Wednesday, February 16, 2011

From Cave to Chairman

The New York Times has a good piece on the soon-to-be president of China, Xi Jinping, and the time he spent in Shaanxi Province's countryside as a youth:

LIANGJIAHE, China — The cave is dim and narrow and musty. A platform bed covered with a reed mat sits by the door. A green canvas satchel and a lantern hang from two rusty nails on a wall — possessions supposedly left behind by a lanky teenage boy from Beijing sent here four decades ago to do hard labor.

“He liked reading books,” said Lü Nengzhong, 80, a farmer who housed the boy, Xi Jinping, for three years. “They were thick books, but I don’t know what they were about. He read until he fell asleep.”

These days, Mr. Xi’s reading materials veer more toward speeches and government planning documents — the vice president of China, age 57, he is expected to take over from Hu Jintao next year as the nation’s top leader. His official biography is being airbrushed. Village officials here have received orders to bar journalists from sniffing around Mr. Xi’s old home.

Liangjiahe is the foundation of a by-the-bootstraps creation myth that Mr. Xi has long cultivated. In an essay for a 2003 book Mr. Xi said his seven years here led to a life transformation. Using standard Marxist-Leninist-Maoist language, he wrote about learning to serve the people.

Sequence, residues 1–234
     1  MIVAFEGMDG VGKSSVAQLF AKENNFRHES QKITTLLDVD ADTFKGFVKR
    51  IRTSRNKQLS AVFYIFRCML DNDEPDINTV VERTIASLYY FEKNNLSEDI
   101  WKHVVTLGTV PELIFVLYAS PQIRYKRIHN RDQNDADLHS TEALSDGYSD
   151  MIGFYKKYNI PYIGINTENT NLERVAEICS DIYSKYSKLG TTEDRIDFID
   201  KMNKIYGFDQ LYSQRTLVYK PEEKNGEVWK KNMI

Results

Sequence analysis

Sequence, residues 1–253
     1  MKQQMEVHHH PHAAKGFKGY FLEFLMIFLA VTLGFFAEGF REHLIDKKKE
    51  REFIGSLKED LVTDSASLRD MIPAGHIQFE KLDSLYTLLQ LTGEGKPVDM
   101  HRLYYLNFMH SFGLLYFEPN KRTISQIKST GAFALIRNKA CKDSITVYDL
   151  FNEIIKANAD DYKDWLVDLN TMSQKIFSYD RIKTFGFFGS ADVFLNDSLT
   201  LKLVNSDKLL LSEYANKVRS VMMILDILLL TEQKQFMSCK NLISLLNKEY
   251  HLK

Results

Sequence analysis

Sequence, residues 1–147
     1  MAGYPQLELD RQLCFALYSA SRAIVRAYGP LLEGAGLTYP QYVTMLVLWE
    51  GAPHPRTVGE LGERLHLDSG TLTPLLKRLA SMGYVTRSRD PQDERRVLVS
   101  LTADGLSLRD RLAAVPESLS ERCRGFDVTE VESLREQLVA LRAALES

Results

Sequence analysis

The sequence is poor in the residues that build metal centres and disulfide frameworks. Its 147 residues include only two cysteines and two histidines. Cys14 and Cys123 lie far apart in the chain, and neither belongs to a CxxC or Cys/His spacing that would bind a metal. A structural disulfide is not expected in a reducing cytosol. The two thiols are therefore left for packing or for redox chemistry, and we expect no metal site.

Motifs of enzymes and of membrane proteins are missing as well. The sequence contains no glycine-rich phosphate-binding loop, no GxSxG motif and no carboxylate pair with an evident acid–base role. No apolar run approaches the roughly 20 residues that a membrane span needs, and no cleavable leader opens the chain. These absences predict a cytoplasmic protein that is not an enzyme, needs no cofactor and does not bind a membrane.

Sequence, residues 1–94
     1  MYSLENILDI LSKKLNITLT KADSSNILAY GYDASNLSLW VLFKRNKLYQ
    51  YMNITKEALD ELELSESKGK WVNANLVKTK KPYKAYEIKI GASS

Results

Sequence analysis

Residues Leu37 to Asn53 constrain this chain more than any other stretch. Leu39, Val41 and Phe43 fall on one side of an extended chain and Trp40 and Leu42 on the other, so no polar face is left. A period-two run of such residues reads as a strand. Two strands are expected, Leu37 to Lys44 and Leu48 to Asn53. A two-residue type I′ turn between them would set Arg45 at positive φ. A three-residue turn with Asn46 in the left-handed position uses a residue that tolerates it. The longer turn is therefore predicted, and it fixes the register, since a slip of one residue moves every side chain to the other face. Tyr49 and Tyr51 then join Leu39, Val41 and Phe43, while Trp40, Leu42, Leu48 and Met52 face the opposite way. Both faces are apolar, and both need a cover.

We “mustn’t stand high above the masses nor consider the masses as our fish and meat,” he said. He went on: “The hard life of the grass roots can cultivate one’s will. With that kind of experience, whatever difficulties I would encounter in the future, I am fully charged with courage to take on any challenge, to believe in the impossible and to conquer obstacles without panic.”

Read On

Photo of Xi Jinping from the AP

I highlighted a few basic facts about Xi Jinping a couple years ago. I noted at the time that I'd heard very positive things about Xi Jinping from people in Xi'an, which is in Shaanxi Province where Xi spent a significant part of his youth and where his father is from. (Read his dad's Wikipedia page. Very prominent guy.)

The best thing I've read on Xi is from a Wikileaks cable from 2007. Fascinating stuff, this. Hearing Xi speak in an unadulterated fashion about the prosperity he oversaw in Zhejiang Province, China's income inequality, and his affinity for World War II films is only something Julian Assange could've provided the world.

Edit: Here is another longer profile on Xi from Reuters.

1 comment:

Ramesh said...

Why bar journalists from the home ??? I would have thought he would have actually encouraged coverage to counteract the common criticism of his being a princeling.

The power change is going to be one to watch. Only once before - the Hu Jintao succession - has it been peaceful. Because of the opacity surrounding the transfer, we hardly know the goings on. But if the transition wasn't smooth, there will be massive implications for China. As we know the disciplined facade of the Party, is just that. Human nature, being what it is, there's every chance of some rumblings and maybe even something more.